If your dog is putting up a fight during nail trimming, then you would definitely want to know how to clip dog nails when your dog is scared of the nail trimmers. We know a lot of dog parents tend to give up and leave the nail trims to the groomers, but that won’t be enough for regular maintenance. We’re going to address how to nail trim overgrown dog nails without an aversion from your dog.
The Best Method is Prevention
If you’re lucky enough to be reading this article during the early stages of puppyhood, then there is a chance you can acclimate your dog to the nail clippers and make nail trims more enjoyable for all. If your dog knows the basic “sit” and “stay” commands, they can be incorporated into your training routine.
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You should first introduce your pup to the nail clipper slowly. Let him inspect the device by sniffing it and even licking it. The process may take a few days to over a week, but it’s important to take it slow and not to spook your dog – don’t rush it. After the initial introduction, it will then be time to take it a step further.
Start taking your dog’s paw into your hands and taking the clippers to his toenails. No cutting is involved at this stage, just let your dog get used to the clipper being around his paw. You can even try tapping his nails with it just to get him familiar with the contact. Don’t forget to commend him and give him some treats!
When your dog has passed this stage, then comes the nail trim. Just start by lopping off a tiny bit of the tip. We say this because snipping off the tip won’t put too much pressure on the nail and the quick, which your dog could associate with pain. Many dogs dislike the pressure of the scissors coming down on their nail. Again, remember to reward your dog after each toe.
Once your dog has proven to accept the scissors, then you can start really trimming the nails and cutting off larger chunks. Just remember to avoid the quick, which is the assembly of nerves inside the nail. A dog’s nails can be clear or black in color. Clear nails have a very visible pink quick, while dark nails won’t have visible quicks.
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Cutting the quick will be very painful for your dog. It will also take longer to heel as your dog’s paw is a point of contact to the ground and there could even be bleeding. The quick is easily avoidable on clear nails, but dark nails will require more care during nail clipping. You would need to cut slowly little by little until you see the black dot at the center of the nail – this is the quick.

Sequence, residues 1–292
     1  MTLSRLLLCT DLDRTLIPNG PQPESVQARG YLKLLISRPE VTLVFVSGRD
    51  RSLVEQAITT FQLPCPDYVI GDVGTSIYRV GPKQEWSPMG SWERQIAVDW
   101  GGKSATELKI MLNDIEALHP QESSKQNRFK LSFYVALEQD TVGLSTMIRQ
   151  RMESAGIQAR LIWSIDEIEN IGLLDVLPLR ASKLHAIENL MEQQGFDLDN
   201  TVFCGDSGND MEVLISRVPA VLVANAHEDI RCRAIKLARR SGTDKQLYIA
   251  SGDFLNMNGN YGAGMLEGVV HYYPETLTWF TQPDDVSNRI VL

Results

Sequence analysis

If you do manage to nick the quick, don’t panic. You would first need to stop the bleeding by using styptic powder, but cornstarch will do in a pinch. Ointment won’t be necessary but small amounts of Neosporin is safe if you keep your dog from licking it. You would then need to bandage the toe and let it heal before you attempt more nail clipping.
Is it Too Late?
What if your dog is already a year or older when you’re reading this, is it too late? No, it isn’t! You can teach old dogs new tricks and getting your dog used to the nail clippers can happen at any age. It might prove to be more difficult if your dog has been hurt before, or if he has already associated the clippers or scissors to an unpleasant time, but it can be done.
Desensitizing your dog will take time, just like with puppies, and the process is much the same. Be patient and remember to use plenty of positive reinforcement.
How to Make Your Dog Feel More Comfortable
To make your dog feel more comfortable, you need to first create a safe space. Try to remain calm as you grab him or his paws. If you make sudden movements, it will alert him and he will most likely run and hide. You can even consider spritzing some calming agents such as a lavender-scented spray or diffuser to calm your dog. Sometimes calming music can also help set the mood.
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When you feel your dog enjoys the environment you have created, you can proceed to get him used to the clippers the way we mentioned above. Start by letting him inspect it, take it to his nails, and trim little by little. The key your a dog or pet’s heart is through the stomach, so always have their favorite or some special treats handy.